Ridley Scott: TV Script For ‘Alien’ Series Being Written

The Alien TV series is gestating…and growing…

Ridley Scott–the filmmaker behind the 1979 horror-s/f classic Alien–had some good news for fans this week regarding the planned FX adaptation of the iconic film, according to a report on Variety.

The pilot is now being written, Scott said, and plans call for the series to run from eight to 10 hours. That likely means from eight to 10 hour-long episodes, but that still remains to be confirmed.

The Alien series on FX–announced here in Horror News Network about a year ago–has Noah Hawley (LegionFargo) on board as writer and showrunner, with Scott acting as producer.

John Landgraf, president of FX Network, said the series will probably debut sometime in 2023, allowing the creative team to “take whatever time it takes” to get it right. Landgraf added that Hawley is “very grounded” in the Alien legacy, but fans will see “some inventiveness and originality that is uniquely Noah.”

One of the primary differences in the TV series, Hawley stressed, is that Sigourney Weaver’s Ripley character will not appear. The series, he said, “is not a Ripley story. She’s one of the great characters of all time, but I think her story has been told pretty perfectly, and I don’t want to mess with it.”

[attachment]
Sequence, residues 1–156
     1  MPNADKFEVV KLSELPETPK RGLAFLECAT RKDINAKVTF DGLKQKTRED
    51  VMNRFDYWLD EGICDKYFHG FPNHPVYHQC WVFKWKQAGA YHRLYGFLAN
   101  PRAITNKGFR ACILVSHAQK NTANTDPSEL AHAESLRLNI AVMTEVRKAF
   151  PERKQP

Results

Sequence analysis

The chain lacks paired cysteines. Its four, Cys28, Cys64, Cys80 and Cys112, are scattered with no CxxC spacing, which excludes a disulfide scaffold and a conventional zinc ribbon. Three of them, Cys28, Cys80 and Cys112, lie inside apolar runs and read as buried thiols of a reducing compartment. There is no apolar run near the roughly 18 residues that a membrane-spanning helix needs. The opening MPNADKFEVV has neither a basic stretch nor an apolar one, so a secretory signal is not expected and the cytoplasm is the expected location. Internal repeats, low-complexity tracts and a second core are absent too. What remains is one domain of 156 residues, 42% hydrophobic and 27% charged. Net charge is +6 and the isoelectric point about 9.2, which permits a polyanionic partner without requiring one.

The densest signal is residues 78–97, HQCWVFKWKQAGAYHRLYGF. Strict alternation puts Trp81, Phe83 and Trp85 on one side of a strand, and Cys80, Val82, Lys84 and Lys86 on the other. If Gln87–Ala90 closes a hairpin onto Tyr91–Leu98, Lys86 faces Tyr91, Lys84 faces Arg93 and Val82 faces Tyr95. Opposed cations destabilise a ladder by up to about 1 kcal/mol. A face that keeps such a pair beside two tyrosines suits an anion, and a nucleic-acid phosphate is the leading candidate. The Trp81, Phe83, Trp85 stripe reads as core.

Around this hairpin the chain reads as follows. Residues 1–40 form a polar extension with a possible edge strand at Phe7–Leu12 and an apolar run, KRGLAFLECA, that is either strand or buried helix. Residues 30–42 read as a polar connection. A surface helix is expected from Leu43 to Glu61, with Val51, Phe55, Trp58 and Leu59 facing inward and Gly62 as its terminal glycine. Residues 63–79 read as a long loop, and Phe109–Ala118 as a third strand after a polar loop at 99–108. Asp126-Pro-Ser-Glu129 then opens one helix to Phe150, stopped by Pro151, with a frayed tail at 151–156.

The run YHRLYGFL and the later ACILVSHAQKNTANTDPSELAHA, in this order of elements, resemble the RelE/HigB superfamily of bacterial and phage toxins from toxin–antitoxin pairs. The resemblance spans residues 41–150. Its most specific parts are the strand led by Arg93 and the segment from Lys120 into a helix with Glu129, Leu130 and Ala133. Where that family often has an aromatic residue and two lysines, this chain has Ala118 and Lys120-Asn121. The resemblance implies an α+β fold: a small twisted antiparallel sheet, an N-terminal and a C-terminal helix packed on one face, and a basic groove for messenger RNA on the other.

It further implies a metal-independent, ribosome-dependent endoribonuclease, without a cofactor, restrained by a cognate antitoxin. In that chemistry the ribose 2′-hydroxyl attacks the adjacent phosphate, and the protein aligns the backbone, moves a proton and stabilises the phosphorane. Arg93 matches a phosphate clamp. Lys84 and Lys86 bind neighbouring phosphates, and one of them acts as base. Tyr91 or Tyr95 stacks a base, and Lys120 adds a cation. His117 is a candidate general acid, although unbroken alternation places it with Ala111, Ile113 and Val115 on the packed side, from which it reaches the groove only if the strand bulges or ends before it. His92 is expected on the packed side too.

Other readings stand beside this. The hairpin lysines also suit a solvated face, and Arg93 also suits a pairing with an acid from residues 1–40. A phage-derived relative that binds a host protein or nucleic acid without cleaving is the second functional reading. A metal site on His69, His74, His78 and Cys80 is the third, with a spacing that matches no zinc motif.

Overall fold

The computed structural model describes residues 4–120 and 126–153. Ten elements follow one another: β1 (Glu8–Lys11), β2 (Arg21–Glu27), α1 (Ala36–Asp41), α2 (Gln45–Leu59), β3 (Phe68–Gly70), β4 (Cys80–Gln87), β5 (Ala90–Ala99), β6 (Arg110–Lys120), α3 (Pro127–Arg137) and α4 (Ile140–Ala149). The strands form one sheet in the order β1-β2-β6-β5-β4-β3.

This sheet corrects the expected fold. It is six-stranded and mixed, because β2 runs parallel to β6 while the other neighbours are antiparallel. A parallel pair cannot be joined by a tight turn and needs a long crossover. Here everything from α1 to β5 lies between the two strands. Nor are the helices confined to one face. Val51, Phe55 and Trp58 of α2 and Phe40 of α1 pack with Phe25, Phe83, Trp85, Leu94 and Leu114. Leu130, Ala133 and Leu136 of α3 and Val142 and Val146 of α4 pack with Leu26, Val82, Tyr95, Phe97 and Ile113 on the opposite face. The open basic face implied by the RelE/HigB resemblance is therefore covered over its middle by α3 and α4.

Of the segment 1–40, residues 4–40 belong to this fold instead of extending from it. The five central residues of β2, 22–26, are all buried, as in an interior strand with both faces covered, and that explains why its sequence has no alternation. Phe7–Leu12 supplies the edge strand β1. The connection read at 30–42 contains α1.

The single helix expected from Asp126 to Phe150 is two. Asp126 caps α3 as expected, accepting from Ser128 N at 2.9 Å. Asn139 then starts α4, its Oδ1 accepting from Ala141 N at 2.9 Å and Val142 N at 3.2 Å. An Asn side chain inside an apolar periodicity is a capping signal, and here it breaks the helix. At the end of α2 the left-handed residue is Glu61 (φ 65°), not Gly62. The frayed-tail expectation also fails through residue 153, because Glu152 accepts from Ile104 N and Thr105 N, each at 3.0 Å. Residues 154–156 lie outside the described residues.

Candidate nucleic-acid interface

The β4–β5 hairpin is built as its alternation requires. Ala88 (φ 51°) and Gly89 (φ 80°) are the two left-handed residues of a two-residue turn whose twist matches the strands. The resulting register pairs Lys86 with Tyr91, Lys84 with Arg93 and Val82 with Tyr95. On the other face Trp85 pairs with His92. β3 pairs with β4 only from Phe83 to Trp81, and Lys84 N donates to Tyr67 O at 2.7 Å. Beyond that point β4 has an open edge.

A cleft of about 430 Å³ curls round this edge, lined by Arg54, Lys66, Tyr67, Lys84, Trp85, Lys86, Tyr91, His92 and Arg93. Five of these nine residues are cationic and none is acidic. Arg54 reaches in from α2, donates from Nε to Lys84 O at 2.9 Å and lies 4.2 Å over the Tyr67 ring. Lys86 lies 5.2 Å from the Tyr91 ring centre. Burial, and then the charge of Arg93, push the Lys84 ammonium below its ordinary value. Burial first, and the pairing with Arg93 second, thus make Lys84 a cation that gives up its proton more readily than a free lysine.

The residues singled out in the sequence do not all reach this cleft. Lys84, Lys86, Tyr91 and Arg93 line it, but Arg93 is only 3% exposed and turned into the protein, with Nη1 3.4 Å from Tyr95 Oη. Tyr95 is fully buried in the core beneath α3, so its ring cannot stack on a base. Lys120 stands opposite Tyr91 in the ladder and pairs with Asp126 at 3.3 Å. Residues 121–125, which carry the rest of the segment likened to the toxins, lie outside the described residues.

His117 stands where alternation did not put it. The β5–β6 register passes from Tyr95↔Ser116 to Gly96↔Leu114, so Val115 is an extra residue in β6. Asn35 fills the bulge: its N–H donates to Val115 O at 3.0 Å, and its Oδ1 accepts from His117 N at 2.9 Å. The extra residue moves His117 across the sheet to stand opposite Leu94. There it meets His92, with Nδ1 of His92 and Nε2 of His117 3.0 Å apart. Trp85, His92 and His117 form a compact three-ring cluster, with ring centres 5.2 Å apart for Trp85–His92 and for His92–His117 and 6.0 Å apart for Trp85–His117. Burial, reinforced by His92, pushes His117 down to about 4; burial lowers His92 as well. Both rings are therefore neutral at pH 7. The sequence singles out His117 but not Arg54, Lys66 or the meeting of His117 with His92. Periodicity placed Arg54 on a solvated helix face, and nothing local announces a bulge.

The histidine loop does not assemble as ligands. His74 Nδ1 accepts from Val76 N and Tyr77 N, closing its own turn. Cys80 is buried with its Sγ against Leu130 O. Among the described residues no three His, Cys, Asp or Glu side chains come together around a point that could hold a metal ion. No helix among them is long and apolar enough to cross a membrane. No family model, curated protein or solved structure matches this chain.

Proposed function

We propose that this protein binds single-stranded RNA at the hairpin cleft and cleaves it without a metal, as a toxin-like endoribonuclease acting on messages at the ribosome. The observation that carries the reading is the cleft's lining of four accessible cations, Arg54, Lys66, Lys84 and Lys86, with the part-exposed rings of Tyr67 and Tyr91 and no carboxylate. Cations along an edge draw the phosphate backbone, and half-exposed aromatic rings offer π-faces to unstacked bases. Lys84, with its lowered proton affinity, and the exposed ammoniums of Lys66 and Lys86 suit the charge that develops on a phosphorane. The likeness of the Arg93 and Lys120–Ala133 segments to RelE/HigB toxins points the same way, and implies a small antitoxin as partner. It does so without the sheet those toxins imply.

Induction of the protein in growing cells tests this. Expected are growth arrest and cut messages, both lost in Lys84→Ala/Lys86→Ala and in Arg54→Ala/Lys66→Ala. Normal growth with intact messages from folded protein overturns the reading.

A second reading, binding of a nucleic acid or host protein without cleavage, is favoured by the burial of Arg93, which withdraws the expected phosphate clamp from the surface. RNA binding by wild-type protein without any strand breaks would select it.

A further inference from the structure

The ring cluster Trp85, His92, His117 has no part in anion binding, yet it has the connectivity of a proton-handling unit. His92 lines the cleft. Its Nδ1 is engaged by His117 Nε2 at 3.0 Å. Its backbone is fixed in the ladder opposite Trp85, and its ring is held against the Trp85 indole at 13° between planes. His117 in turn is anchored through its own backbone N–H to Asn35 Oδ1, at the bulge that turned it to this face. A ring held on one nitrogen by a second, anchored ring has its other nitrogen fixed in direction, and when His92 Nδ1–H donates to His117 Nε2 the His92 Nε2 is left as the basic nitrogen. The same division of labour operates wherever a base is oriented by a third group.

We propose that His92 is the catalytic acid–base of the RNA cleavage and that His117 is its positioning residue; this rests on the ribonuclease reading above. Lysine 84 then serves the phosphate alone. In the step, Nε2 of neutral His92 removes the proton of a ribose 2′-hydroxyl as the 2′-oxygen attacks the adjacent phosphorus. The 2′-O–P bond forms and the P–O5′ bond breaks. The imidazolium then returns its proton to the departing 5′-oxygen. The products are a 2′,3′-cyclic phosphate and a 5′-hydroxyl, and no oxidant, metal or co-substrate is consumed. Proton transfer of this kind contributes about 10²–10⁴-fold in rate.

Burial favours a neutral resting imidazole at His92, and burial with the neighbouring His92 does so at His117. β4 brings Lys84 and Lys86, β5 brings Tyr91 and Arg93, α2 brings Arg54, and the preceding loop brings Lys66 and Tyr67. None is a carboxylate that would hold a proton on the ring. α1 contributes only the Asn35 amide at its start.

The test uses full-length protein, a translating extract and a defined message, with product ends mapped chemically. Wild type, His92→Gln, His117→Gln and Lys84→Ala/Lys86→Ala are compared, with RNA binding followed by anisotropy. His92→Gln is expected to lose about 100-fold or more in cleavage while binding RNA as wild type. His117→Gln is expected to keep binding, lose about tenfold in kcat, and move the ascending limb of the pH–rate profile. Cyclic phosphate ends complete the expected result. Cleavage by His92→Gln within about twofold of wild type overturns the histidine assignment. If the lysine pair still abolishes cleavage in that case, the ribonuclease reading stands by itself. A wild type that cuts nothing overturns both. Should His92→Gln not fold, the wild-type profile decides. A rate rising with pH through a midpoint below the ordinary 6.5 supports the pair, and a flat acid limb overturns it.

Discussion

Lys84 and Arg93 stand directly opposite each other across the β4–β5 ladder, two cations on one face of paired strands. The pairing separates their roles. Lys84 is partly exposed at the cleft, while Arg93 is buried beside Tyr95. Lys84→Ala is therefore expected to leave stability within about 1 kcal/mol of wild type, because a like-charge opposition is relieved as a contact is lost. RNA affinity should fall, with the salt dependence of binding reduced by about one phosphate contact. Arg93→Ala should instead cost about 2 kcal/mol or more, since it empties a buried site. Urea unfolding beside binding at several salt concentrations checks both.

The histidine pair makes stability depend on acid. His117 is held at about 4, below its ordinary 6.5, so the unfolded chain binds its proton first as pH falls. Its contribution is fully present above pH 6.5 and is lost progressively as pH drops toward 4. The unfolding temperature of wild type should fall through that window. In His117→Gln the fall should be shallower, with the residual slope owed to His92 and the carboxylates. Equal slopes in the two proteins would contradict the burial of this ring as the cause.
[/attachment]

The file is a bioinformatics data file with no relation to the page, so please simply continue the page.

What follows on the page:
The original Alien–from director Scott and screenwriter Dan O’Bannon–follows the crew of the space tug Nostromo, who have a violent encounter with the galaxy’s meanest alien. Alien–which gave birth to a media franchise that includes movies, novels, comic books, video games and countless collectibles–grossed more than $106 million on an $11-million budget.

Keep reading Horror News Network for the latest on the Alien series on FX.

 

Thomas Tuna
Thomas A. Tuna is a comic book veteran who began his writing career back in the ’70s with Charlton Comics, contributing to such horror titles as Ghost Manor, Haunted, The Many Ghosts of Dr. Graves and Ghostly Haunts. Most recently, he has served as a writer and editor (with more than a smattering of horror yarns) for such comic book websites as Hyper Epics and Red Moon Features. Some of his favorite horror flicks include Jaws, Salem’s Lot, Dracula (with Frank Langella) and Blade. His favorite horror comic books? Tomb of Dracula (by Marv Wolfman and Gene Colan) and Swamp Thing (by Len Wein and Berni Wrightson).

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